Carbon Monoxide Donors: From Synthetic Applications to Reassessment of Commercially Available Compounds

Author ORCID Identifier

Date of Award


Degree Type


Degree Name

Doctor of Philosophy (PhD)



First Advisor

Binghe Wang

Second Advisor

Jun Yin

Third Advisor

Maged Henary


Carbon monoxide (CO) is known for various reasons. The general public sees CO as the “silent killer”, while organic chemists see CO as a reagent for carbonylation, and medicinal chemists and biologists see CO as an endogenous signaling molecule with therapeutic potential. Along these lines, we have developed and assessed CO donors for wide ranging applications.

In terms of synthetic organic chemistry, our lab has developed a light-activated CO donor for Pd-catalyzed and light-mediated carbonylation. This low-molecular-weight, solid CO surrogate that only requires a low-power LED for activation to release 2 equivalents of CO can be universally implemented in various palladium-catalyzed carbonylative transformations. It is also compatible with protocols that employ blue-light to activate conventionally inaccessible substrates such as nonactivated alkyl halides.

In the focus of its medicinal and biological applications, CO is produced in mammals primarily through heme degradation mediated by heme oxygenases, HO-1 and HO-1, with the inducible form HO-1 being cytoprotective and immunomodulatory. Much of HO-1’s effects have been recapitulated by exogenous administration of CO and have been pharmacologically validated for its therapeutic benefits in animal models. For the further development of CO-based therapeutics, new delivery forms are needed to address the inherent limitations of using inhaled CO for therapeutic applications. Along this line, there have been metal-based CO-releasing molecules (CORMs), photo-sensitive organic donors, and organic CO prodrugs that release CO under physiological conditions. Among these, four commercially available carbonyl complexes with either a transition metal or borane (CORM-2, CORM-3, CORM-A1, and CORM-401) have played prominent roles appearing in over 650 publications. Detailed CO-releasing characteristics in buffer and cell culture media have been reported by various labs for the two ruthenium compounds: CORM-2 and CORM-3. In this work, we characterize the other two, CORM-A1 and CORM-401, for its CO release properties under various conditions important for its application in studying CO biology. Specifically, we report the idiosyncratic CO production and redox activity of CORM-A1, as well as the variable CO production and impure commercial samples of CORM-401.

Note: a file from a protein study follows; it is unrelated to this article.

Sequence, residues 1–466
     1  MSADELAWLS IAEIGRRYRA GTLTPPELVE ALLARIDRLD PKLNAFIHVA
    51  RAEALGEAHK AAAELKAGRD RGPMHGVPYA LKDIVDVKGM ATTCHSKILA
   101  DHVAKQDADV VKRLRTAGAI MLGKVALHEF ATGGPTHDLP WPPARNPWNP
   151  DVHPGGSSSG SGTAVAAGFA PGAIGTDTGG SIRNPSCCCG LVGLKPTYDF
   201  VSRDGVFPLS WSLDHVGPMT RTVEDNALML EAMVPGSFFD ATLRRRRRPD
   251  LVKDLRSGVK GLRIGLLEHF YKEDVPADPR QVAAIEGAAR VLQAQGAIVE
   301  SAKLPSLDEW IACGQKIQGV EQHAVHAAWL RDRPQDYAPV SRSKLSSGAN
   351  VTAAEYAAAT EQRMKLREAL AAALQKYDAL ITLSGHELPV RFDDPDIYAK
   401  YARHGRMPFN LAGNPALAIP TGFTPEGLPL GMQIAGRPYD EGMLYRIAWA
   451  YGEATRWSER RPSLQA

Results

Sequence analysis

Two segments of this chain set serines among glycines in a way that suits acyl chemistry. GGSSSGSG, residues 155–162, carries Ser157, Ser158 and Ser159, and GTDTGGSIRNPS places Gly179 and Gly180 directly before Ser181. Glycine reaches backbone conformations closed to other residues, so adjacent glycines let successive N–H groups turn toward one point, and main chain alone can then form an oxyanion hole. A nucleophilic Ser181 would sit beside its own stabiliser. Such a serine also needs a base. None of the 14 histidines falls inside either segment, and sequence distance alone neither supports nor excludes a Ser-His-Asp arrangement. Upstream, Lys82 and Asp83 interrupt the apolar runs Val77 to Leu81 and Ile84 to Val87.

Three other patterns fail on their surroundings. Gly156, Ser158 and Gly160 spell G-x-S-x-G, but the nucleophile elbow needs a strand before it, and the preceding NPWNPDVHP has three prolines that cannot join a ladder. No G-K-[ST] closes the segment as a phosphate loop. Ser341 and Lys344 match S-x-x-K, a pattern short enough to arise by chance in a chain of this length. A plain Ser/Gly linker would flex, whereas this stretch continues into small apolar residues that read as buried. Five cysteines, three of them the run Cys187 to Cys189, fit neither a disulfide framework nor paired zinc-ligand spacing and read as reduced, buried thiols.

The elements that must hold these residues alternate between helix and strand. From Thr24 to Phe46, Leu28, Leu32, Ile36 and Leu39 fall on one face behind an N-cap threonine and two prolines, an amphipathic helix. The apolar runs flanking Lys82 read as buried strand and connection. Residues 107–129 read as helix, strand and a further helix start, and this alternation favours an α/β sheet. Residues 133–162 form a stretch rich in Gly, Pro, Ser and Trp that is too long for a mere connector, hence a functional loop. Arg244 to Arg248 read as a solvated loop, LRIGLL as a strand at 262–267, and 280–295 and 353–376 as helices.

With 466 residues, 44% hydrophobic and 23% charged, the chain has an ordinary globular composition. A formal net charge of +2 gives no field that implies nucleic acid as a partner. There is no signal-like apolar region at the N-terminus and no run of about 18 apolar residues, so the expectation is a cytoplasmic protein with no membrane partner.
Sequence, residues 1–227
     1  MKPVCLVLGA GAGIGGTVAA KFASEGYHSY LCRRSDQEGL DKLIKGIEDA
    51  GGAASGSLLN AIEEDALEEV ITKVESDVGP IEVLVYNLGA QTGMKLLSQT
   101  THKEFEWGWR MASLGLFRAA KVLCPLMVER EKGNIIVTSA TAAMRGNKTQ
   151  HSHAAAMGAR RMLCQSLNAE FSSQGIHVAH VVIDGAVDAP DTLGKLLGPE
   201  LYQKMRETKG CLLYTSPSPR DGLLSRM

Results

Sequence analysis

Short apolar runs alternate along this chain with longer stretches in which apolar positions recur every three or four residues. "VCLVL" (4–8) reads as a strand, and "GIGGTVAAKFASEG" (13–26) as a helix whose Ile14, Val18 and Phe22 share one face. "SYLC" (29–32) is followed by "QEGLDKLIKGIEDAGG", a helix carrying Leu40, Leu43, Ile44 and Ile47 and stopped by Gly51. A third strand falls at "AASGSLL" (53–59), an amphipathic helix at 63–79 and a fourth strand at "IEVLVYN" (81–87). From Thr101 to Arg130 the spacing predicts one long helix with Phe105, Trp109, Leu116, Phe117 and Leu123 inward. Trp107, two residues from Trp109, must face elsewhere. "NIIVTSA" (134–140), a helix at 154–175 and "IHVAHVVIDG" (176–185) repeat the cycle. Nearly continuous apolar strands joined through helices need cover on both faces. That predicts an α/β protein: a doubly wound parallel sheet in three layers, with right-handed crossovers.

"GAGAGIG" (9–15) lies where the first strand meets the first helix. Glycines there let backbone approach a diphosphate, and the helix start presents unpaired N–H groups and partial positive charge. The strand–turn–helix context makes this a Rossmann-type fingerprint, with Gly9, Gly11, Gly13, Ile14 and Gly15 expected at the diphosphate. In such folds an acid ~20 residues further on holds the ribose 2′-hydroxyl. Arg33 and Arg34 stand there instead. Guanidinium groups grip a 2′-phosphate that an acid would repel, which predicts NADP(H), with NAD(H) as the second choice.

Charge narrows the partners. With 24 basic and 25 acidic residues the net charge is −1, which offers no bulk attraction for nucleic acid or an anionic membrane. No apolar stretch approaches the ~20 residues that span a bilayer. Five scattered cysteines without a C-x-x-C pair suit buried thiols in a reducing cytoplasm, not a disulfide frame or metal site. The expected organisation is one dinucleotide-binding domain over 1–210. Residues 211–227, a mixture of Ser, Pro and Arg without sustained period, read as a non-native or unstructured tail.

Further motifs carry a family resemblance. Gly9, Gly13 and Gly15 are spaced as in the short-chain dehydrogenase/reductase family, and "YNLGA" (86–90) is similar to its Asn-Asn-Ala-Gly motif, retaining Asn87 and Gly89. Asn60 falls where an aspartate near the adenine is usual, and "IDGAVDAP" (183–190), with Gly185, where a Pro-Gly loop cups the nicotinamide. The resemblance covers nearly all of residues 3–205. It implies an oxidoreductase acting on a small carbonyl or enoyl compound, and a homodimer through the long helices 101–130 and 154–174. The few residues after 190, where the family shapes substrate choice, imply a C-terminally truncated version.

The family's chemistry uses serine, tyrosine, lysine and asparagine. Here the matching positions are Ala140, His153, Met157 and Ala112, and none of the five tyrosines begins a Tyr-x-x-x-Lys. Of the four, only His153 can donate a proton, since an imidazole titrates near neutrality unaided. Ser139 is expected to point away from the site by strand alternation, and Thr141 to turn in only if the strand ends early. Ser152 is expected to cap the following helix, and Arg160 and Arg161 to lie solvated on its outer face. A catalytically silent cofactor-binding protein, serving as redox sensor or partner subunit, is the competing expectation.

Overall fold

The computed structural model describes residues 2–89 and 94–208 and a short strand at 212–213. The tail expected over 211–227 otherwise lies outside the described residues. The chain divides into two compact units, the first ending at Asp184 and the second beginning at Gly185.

This work highlights the foundational issues and unreliability of the commercially available CORMs including a lack or idiosyncratic CO production, CO-independent chemical and biological activity, and lack of good negative controls of the carrier. The significance of this work includes highlighting the convolution the CORMs have had caused in the CO field, as well as confronting the issues of influence from prominent researchers and commercial vendors.

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